For people with an entrepreneurial spirit, one way to gain ownership in a company is through so-called “sweat equity.” The idea is that you work for an ownership interest in the company, rather than investing cash or other capital. If a company decides to implement such an arrangement, one or more key employees would be selected by the company to receive a grant of equity in the company. The equity would consist of a small percentage of the ownership of the company and is often subject to forfeiture under specified circumstances set forth in writing. Very often, the vesting requirement is for the employee to remain in the employment for a specified period of time or for the employee to meet certain performance goals. When structuring these arrangements, the taxation to the employee and the company is an important consideration since the tax treatment can vary widely. It benefits all parties to make sure that equity grant arrangements are done in a tax efficient manner.
There are various types of “sweat equity,” including stock options and restricted stock in the case of corporations (although they can also be used for partnerships and limited liability companies (“LLC”)) and grants of “profit interests” typically used in LLCs. For simplicity, I refer to all of these types of “sweat equity” as “equity grants.” Each grant can be tailored for the particular goals of the company and for each employee and each key position. The overall structure of any equity incentive arrangement for a key employee or management team needs to take into account both the goals and the needs of the company as well as the goals and needs of the key employees.
Over time the equity grant presumably will appreciate in value, but of course there are no guarantees. The value of the equity grant typically depends on the overall increase in value of the company over time. From the company’s standpoint, the advantage of equity grants to key employees is that the grants serve to attract and retain quality people in management and align the interests of the key employees with the owners of the company. The equity grant may also eliminate or reduce the company’s need to do substantial cash bonuses at year-end since the growth in value of the equity grant serves as the annual bonus.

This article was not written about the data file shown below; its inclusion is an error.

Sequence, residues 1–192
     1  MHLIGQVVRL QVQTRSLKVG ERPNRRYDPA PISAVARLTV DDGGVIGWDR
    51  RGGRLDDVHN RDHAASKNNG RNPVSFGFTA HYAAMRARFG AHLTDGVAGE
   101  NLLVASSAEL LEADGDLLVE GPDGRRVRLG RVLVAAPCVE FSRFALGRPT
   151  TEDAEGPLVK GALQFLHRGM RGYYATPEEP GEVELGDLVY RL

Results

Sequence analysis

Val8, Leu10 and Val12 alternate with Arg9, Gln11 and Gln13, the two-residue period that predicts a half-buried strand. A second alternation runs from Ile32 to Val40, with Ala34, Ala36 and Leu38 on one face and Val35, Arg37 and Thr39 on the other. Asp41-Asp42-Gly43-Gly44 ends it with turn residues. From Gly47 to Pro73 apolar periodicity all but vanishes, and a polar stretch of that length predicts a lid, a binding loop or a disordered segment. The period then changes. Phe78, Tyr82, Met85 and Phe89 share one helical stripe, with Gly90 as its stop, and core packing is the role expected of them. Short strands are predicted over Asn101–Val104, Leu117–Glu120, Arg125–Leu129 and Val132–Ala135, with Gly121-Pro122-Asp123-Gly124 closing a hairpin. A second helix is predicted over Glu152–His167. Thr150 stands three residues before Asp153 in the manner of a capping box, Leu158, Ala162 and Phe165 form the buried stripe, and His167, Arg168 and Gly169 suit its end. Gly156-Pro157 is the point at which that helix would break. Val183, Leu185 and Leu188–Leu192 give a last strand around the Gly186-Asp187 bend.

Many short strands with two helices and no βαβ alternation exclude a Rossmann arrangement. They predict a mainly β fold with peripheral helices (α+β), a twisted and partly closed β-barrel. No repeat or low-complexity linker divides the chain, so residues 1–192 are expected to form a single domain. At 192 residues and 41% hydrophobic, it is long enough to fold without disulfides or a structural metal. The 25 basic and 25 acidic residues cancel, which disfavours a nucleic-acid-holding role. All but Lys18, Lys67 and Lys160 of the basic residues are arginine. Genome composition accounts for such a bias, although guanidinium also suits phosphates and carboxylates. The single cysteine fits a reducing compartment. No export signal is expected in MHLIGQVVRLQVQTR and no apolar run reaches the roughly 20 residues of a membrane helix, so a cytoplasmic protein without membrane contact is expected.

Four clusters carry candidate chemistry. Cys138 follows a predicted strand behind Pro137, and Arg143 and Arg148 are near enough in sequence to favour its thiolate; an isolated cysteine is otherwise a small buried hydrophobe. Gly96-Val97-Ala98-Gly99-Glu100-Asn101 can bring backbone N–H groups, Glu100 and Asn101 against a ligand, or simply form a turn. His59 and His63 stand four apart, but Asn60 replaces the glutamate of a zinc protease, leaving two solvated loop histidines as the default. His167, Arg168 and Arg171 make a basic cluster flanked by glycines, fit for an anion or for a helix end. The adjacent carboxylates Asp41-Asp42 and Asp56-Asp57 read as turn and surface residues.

A company will usually require an equity grant to be “earned” by the key employee over time through a vesting schedule that is set forth in the grant agreement with the employee or in an equity incentive plan adopted by the company. For example, a grant of stock options may be contingent on the employee working in the business on a full-time basis for five years, at which point the stock options become fully vested. If the employee terminates employment prior to the five year period, all, or a portion of, the stock options may be terminated. There is no set time period for a vesting schedule and the terms and length of a vesting schedule are at the discretion of the company. However, once the vesting terms are agreed upon, they should become binding on both the company and the employee through the adoption of a written incentive plan or agreement.
For example, a so-called “golden handcuff” arrangement typically provides that the equity grant does not vest until sale of the company or a specified retirement date. This provides an incentive to the employee to work long-term for the company that will ultimately be cashed out upon sale or retirement. However, equity grants are often structured to vest over shorter periods of time (such as ratably over a 3-5 year period).
For tax purposes, the employee normally recognizes compensation income upon the vesting of the grant. For example, a grant of stock of a corporation would typically not be taxable to the employee at the time of grant. However, when the shares vest, the employee has taxable income equal to the value of those shares. In the case of an LLC, equity grants are typically made in the form of “profits interests” that meet the requirements of IRS Rev. Procs. 93-27 and 2001-43. Neither the grant nor the vesting of a profits interest in an LLC is taxable to the employee until the membership interest is sold. This represents the best of both worlds for an employee since the employee is not taxed on the equity grant. The only taxable event occurs when the profits interest is sold, and the employee is entitled to capital gain tax treatment on such sale.
In the case of an S corporation, the use of a profits interest for the equity grant is not available. However, a somewhat similar result can be achieved by issuing shares of the corporation to the employee and having the employee execute a promissory note in an amount equal to the value of the shares at the date of grant. If this is done early in a corporation’s existence, the value of the shares would be presumably low, making the purchase price also relatively low for the employee. Since the employee is purchasing the shares at fair market value, the employee is not subject to compensation income at the time of issuance. The vesting of the shares over time also would not trigger compensation income provided that the employee makes a “section 83(b) election” with the IRS at the time the shares are issued. Finally, the employee would be entitled to capital gain on the sales of those shares in the event of a future sale of the company or redemption of the shares by the company upon termination of the employment.
Keep in mind that there are many other important provisions that should be considered when entering into an equity incentive arrangement from both the company and the key employee’s perspective. A short list of such items include non-compete restrictions, non-disclosure requirements, and assignment of intellectual property to the company that the employee develops while in the employment of the company.